"Gravity of Nightfall" Fritz Bultman, 1961. Oil on canvas, 3 panels, 96 x 144 inches. 

                  "Gravity of Nightfall" Fritz Bultman, 1961. Oil on canvas, 3 panels, 96 x 144 inches. 

Bultman’s grandsons Tristan and Gwyther were on hand for the opening, and pointed out that their mother, Bethany, was a contributing editor at House and Garden, one of Condé Nast’s premier magazines. Long identified with his native New Orleans and the Provincetown arts scene in its heyday, the artist also lived on the Upper East Side in nearly daily contact with Mark Rothko, Barnett Newman, Richard Lindner and Giorgio Cavallon. “Friz has returned home,” Tristan observed, as he reminisced about playing in the Condé conference room as a child.

Up on floor 64 the aesthetic air thins. Goldberg’s seven brightly colored canvases gamely face a bank of picture windows with drop-dead views of midtown. Goldberg cased the room as raw space, and took as his tonic keys the primary colors (two gestural paintings are based on red, two on yellow and three on blue). “I punched up these really strong colors so the physical presence of the paintings would not get lost,” the artist remarked. 

Bryan Hunt’s Axis Mundi is a slightly paunchy, purple version of the streamlined Brancusian airships for which he became known. Backlit, the translucent papery skin reveals an intriguing substructure of wooden girders, and the bulbous base is stylishly organic. The palette is glowing (the burgundy is in the same family as some of the warmer violets in the Bultman and Parla paintings below), and the effect is at least blood-warm (which cannot be said of the architecture).

  Anita Durst with "Axis Mundi" by Bryan Hunt, 2014. Wood, steel. polyester fabric, lacquer, 12.25 feet high by 2.5 feet diameter.

Anita Durst with "Axis Mundi" by Bryan Hunt, 2014. Wood, steel. polyester fabric, lacquer, 12.25 feet high by 2.5 feet diameter.

Hunt was cheered on at the opening by his friends and East End neighbors Eric Fischl (who, as some might recall, struck out on his own ill-advised Rodinesque cut at a 9/11 commemoration). Along with many major collectors and curators, Anita Durst, who chairs the board of the nonprofit Chashama, was also on hand as Edelman charmed the festive crowd, banging back Prosecco and canapes, with a brief recollection of walking along a wooden scaffolding in the unfinished sky lobby as he scoped out the project.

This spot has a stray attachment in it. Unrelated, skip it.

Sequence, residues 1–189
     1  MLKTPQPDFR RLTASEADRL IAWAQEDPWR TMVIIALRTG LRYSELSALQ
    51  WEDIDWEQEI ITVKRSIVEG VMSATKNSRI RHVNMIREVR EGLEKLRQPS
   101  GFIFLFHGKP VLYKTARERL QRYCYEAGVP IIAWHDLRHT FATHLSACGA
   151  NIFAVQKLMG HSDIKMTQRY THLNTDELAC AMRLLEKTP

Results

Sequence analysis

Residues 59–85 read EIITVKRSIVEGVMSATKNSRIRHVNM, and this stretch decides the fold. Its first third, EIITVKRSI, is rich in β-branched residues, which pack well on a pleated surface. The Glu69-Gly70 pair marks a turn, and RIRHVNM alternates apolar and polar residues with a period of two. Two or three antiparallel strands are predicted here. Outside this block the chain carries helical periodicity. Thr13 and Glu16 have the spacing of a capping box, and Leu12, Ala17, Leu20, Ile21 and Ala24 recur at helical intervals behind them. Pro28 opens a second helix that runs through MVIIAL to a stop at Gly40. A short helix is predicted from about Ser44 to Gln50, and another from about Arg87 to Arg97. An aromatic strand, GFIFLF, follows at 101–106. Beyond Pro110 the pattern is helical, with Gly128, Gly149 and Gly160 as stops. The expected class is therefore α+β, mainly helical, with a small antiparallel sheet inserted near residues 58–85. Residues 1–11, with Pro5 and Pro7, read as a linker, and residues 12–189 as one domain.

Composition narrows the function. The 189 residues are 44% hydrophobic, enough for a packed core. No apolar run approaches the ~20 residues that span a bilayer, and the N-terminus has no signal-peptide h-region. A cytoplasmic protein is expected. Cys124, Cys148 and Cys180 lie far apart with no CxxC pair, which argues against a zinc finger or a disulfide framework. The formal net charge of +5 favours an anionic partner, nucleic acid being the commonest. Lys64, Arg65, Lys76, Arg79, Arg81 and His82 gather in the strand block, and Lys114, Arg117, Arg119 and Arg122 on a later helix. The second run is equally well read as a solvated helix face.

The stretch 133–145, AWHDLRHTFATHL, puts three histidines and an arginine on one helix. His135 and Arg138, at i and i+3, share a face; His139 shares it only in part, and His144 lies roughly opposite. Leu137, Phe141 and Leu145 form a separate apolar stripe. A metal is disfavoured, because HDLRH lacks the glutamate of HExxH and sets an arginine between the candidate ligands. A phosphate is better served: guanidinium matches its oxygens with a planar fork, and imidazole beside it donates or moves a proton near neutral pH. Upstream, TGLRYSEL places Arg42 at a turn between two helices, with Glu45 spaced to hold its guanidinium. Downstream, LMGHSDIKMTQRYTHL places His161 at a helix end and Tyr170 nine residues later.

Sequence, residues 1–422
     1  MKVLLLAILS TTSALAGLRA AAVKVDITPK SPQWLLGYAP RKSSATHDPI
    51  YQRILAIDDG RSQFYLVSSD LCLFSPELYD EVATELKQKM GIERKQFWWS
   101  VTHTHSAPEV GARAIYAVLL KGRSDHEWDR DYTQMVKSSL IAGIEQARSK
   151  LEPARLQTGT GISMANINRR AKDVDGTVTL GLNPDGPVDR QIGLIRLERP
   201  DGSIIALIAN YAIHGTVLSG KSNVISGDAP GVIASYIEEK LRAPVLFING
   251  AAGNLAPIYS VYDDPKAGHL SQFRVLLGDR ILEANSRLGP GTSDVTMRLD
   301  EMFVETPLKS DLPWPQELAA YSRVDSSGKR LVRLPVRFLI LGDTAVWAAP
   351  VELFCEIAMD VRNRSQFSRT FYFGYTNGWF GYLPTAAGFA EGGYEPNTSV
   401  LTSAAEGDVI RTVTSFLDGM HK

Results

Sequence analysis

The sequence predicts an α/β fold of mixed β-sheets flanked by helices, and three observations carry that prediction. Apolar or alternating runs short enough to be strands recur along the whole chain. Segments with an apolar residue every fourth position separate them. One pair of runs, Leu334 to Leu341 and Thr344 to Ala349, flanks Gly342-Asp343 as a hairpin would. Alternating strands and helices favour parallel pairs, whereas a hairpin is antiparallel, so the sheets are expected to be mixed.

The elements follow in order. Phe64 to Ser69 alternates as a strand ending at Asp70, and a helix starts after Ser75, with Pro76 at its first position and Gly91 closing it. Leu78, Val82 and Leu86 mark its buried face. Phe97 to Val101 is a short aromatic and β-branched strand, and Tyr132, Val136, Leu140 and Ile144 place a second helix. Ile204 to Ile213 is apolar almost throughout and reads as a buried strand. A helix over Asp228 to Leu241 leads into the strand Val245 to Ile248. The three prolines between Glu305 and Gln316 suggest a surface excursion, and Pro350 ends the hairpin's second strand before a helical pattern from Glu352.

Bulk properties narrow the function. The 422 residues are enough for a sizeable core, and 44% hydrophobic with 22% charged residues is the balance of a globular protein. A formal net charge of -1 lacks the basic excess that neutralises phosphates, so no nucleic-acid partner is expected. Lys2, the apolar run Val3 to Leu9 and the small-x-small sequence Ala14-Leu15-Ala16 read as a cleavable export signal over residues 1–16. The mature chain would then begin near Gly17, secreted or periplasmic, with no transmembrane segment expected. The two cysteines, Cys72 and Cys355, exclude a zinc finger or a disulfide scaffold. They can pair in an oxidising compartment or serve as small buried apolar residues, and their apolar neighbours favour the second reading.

“I don’t like heights,” he admitted. “We wanted to accomplish something elegant and meaningful, a return to people looking at art, looking up from their devices.”

The dreadful qi of the place lingered unspoken. Abstraction (as in absolute music, by contrast with commemoration) is one way for aesthetics to make a stand against the curse of a place so weighted with disaster. Some art plays on the drama (a visit by this critic to Ai Wei Wei’s Alcatraz installation a week later brought home the difficult imbalance between artifice and real suffering). Bleaching a site in monumental white stone is not the answer, either, as a visit to Tiananmen Square can prove.

Just outside the windows, the usually magical Santiago Calatrava’s over-budget transit building looked expensive but just pretty, and a spotlit Jeff Koons balloon piece in the plaza of 7 WTC (predating Edelman’s project) was banal to the point of being an insult. The trouble is that for those who lost somebody at the World Trade Center, only the power of truly great art (the Bultman paintings?) stood a chance.

As Shakespeare asked in sonnet 65, “How with this rage can beauty hold a plea, whose action is no stronger than a flower?”

BASIC FACTS: The art collection at One World Trade Center is open to the public. The building is located at 1 World Trade Center, New York, NY 10006. The collection features 13 works of art curated by Asher Edelman of Edelman Arts.

___________________________